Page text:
> authentication is not required or unprivileged user is authorized to send
    > PUT, and it is the "anonymous write" that is clearly warned.
    >
    > In the case of HTTP POST or any other request to a server-side application
    > who subsequently decides to write a file, this is less dangerous because
    it
    > is up to the server-side application to decide how read/write works. IIS
    has
    > very little say in this instance, if you read and understand my blog post.
    > Security depends on the application itself.
    >
    >
    > Yes, there is risk in allowing IUSR Write ACLs in the URL namespace, but
    > that is something for the hoster to decide for their web applications.
    > Personally, security is not absolute, and best practices are not
    perfect --
    > from a security perspective, I would never make it into a series of
    > check-boxes -- I would seek to understand the web app and then make my
    > choices.
    >
    > Security is NOT absolute. It is relative and a balance between
    functionality
    > and risk. There is no way that a single check list of Best Practices is
    > going to functionally apply to all situations; no way. For the same
    reason,
    > the list of recommend ACLs that you are asking for also does not exist and
    > needs to be generated by yourself for your situation.
    >
    > --
    > //David
    > IIS
    > http://blogs.msdn.com/David.Wang
    > This posting is provided "AS IS" with no warranties, and confers no
    rights.
    > //
    > "M. M. Rafferty" <mmr@vistagrande.com> wrote in message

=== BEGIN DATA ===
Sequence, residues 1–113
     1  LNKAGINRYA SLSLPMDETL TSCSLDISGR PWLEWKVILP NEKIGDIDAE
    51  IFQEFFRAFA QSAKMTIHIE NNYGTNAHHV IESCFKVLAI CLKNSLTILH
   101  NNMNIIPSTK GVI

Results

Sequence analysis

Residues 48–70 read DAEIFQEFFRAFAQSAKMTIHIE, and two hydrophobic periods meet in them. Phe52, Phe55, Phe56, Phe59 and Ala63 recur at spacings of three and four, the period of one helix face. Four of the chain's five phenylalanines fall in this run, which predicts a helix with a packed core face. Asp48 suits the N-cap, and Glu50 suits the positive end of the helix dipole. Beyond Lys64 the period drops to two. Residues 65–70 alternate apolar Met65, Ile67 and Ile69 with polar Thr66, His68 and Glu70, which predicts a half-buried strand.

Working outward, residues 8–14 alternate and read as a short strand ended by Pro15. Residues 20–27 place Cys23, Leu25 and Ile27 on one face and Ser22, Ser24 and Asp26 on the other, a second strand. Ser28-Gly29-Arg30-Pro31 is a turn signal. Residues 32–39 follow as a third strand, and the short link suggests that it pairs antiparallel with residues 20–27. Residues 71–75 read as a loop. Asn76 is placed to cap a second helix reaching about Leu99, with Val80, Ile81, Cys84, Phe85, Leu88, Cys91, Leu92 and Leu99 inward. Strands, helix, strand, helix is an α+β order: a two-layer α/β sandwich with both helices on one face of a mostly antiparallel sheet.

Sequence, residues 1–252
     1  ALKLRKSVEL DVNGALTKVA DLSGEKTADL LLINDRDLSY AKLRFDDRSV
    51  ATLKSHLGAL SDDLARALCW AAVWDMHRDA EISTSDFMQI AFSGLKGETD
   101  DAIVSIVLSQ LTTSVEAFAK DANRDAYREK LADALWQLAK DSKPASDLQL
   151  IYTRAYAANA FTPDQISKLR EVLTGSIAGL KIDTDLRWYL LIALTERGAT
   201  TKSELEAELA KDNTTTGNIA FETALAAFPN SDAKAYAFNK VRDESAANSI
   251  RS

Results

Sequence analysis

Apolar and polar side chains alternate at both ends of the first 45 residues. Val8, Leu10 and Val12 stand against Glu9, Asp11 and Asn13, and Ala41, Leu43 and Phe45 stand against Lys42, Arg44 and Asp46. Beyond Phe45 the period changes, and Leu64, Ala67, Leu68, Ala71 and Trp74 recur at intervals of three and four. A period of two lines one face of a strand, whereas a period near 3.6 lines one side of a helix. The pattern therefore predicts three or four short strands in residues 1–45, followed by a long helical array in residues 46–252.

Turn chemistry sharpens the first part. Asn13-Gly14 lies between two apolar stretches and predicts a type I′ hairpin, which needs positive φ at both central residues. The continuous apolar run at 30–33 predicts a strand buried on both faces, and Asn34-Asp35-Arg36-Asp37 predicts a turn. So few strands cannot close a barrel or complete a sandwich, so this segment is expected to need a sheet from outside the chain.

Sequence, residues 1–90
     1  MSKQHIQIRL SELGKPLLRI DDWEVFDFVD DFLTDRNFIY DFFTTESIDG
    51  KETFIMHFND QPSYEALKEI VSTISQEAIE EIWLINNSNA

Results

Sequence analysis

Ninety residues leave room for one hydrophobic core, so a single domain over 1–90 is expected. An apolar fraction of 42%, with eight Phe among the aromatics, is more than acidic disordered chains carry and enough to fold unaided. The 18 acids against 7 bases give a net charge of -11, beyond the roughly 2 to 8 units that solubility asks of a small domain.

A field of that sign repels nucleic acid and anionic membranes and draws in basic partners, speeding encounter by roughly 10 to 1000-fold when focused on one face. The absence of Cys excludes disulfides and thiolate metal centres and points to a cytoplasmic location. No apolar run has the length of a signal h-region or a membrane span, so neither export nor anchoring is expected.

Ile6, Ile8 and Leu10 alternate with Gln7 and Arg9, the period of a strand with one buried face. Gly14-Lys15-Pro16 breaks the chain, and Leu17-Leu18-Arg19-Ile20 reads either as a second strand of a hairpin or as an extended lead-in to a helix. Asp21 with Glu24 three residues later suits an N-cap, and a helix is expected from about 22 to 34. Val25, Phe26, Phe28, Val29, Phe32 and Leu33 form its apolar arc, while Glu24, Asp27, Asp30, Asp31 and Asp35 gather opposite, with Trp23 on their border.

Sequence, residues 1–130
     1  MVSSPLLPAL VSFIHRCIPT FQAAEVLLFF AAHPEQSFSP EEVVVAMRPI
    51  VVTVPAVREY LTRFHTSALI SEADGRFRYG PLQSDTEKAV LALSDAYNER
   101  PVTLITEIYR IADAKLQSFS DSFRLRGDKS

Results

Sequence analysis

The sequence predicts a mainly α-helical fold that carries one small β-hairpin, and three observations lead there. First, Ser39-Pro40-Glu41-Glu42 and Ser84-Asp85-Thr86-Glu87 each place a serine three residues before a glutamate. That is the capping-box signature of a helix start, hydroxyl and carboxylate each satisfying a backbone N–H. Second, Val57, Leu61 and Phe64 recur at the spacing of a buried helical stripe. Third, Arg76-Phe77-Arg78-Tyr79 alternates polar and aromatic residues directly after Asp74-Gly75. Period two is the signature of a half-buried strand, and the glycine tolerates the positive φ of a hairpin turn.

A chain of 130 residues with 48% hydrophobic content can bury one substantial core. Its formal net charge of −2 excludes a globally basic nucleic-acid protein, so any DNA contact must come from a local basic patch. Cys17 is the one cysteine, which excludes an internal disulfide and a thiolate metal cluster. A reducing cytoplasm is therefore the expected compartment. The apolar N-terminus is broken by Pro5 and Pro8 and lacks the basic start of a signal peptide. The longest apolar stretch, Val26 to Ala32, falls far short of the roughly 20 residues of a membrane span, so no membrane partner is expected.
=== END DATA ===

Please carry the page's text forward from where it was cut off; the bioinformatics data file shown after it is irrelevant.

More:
> news:OxSbv0nsFHA.912@TK2MSFTNGP11.phx.gbl...
    > The MS Shared Hosting Deployment Guide lists among best practices:
    > Ensure strong permissions are used on Web content
    > Use separate anonymous (IUSR) accounts for each Web site
    > Never allow anonymous user (IUSR) Write permission
    >
    > The document also describes Isolated Shared Web Hosting where each
    customer
    > has their own application pool with a unique identity. It states that the
    > host should "Ensure that the Customer-specific identity has the minimal
    > necessary permissions to system resources" but exactly what that means in
    > terms of ACLs apparently has been left as an exercise for the reader.
    >
    > And therein lies the problem. Or at least part of it.
    >
    > We are looking at the web site starter kits -- DotNetNuke and the
    Community
    > Server. It appears that both require write access for the application
    pool
    > identity below the web root. This has also come up in a few other
    > applications such as shopping carts we have encountered. Usually, the
    > requirement is to allow content management features, generally image
    > uploads, via the browser.
    >
    > How is this not anonymous write access? Why would Microsoft recommend
    this
    > to its hosting partners?
    >
    > Also, another quirk that appears to be the case, at least from what we
    > encountered in some experiments with the Community Server applications, is
    > that one seems to require the application pool identity have list
    permission
    > starting at the root of the drive all the way down to the web folder.
    This
    > seems like a bit of a privacy breach at best since it would rely only on
    > security through obscurity in our folder naming.
    >
    > Can someone explain this apparent contradiction?
    >
    > Ideally, can someone lay out the recommended ACLs for this scenario for a
    > web host to have in place so that customers' sites are secured and
    > isolated... and still able to run real ASP.NET applications?
    >
    > Thanks,
    >
    > Mary M. Rafferty
    >
    >
    >